Radical Friends: Amy Kirby Post, Frederick Douglass and Interracial Organizing in Antebellum America

As Black Lives Matter protests erupted across the U.S. in 2020, multi-racial groups of Americans turned out to support Black-led movements for social justice. We can better understand the challenges and benefits of such movements by looking back to the 1840s when Black and white Americans such as the self-emancipated Frederick Douglass and radical Quaker Amy Kirby Post helped forge interracial movements to abolish slavery and gain equal rights.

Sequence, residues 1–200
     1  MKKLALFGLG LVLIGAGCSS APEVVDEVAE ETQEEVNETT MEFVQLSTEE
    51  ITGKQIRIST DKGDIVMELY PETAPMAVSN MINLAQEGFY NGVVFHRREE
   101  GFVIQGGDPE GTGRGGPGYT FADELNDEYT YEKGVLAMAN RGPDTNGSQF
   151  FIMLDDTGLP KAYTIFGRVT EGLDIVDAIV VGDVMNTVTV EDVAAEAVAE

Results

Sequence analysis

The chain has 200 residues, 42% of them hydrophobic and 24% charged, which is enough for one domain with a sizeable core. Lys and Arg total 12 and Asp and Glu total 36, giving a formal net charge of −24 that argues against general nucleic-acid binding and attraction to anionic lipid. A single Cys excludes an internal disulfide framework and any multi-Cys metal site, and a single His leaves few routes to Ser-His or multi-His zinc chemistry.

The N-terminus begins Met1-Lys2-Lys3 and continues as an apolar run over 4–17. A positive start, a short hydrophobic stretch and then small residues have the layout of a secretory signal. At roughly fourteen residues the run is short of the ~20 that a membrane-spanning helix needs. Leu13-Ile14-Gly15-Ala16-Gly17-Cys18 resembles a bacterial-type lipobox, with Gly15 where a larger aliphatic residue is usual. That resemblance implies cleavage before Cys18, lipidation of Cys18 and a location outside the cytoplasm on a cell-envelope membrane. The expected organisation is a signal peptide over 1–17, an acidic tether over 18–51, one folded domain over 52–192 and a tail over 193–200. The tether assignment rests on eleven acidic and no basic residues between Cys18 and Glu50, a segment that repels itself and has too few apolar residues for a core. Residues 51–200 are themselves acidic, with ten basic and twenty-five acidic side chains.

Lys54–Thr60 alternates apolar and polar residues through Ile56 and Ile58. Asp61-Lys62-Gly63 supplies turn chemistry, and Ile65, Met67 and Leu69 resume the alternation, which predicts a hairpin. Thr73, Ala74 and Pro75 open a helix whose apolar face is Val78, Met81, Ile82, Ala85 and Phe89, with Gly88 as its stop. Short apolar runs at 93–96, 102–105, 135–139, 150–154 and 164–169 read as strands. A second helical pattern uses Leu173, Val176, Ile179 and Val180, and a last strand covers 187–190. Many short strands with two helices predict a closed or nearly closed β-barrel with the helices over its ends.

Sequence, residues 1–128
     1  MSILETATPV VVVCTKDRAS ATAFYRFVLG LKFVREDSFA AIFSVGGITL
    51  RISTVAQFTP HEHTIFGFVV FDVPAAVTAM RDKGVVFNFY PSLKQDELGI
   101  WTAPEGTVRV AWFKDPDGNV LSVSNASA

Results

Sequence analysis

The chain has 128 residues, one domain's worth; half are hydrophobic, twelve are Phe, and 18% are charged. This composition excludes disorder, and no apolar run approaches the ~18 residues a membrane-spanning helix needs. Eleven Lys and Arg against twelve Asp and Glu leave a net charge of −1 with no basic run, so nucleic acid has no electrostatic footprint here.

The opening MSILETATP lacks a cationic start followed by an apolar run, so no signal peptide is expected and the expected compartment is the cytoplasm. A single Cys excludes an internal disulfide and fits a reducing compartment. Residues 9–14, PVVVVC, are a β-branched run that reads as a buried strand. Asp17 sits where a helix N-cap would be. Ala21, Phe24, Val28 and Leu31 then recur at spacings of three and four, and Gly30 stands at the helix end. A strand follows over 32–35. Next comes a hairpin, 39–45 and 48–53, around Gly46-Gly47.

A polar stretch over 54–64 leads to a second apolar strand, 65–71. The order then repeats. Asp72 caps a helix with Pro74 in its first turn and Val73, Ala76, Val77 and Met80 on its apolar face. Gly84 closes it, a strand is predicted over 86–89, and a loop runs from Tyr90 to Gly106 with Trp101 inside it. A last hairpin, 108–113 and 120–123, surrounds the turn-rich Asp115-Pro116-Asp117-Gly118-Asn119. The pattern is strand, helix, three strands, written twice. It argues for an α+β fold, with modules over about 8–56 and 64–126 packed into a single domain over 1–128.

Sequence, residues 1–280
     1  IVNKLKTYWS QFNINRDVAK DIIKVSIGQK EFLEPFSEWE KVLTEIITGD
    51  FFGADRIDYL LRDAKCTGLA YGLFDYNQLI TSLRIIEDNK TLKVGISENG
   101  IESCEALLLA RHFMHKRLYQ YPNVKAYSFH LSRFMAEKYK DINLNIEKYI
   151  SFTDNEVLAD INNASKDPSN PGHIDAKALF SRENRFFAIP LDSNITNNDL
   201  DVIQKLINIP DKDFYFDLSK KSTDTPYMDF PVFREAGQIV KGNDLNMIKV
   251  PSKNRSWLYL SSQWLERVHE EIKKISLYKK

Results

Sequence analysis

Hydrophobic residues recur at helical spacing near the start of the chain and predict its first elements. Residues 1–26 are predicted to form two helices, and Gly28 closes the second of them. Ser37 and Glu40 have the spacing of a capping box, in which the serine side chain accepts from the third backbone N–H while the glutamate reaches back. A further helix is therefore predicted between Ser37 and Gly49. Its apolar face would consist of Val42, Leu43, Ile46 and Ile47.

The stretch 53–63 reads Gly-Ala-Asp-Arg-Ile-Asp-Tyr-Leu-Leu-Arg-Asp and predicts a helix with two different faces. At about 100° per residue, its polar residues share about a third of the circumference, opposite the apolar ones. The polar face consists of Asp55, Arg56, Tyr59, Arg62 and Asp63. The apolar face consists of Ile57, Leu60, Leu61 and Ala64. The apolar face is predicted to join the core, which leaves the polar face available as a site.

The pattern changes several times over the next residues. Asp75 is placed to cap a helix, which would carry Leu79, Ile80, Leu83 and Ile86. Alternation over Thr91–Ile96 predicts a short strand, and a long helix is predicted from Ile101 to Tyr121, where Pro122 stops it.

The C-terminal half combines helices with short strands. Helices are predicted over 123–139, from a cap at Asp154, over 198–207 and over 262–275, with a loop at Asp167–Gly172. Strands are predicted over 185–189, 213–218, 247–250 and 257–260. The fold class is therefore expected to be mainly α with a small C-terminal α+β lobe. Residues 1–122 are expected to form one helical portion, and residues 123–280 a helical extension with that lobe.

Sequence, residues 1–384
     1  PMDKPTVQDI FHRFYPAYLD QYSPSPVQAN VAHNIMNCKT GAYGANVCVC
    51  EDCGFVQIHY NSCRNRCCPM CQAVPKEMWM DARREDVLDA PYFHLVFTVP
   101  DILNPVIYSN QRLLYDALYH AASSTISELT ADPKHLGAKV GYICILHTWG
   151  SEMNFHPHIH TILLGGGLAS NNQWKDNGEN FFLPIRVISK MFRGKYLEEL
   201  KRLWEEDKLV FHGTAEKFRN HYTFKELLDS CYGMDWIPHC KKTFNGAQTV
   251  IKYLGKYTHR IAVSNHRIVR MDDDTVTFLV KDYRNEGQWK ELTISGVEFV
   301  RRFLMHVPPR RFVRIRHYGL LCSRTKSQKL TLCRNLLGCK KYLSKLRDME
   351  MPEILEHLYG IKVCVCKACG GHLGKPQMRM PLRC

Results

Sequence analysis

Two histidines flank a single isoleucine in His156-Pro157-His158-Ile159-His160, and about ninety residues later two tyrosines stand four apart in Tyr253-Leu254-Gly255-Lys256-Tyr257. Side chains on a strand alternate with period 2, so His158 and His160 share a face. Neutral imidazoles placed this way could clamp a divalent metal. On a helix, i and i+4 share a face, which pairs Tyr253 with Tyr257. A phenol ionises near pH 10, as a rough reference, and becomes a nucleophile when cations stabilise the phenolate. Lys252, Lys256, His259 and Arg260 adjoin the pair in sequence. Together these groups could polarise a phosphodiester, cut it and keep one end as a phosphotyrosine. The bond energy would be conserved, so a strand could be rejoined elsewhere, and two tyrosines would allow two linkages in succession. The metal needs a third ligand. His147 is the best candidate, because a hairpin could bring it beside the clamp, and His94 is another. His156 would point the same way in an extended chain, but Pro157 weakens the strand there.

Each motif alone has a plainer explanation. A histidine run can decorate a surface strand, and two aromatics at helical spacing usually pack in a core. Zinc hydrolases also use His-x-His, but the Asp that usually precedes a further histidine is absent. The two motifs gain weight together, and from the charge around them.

Lecture Description

Amy Kirby Post (1802-1889) was an abolitionist, woman’s rights and Indian rights advocate as well as a radical Quaker and spiritualist. From the 1830s on she lived in Rochester, New York, where she engaged in interracial social justice efforts alongside Frederick Douglass, William Nell, Harriet Jacobs, Sojourner Truth, and other radical Quakers. Together they helped to transform the political and social landscapes in the 19th century United States.


African American Women's Rights, Activism, and Suffrage

ALL TOPICS & TITLES: Go back to all topics and titles.

More Distinguished Lectureship Program Resources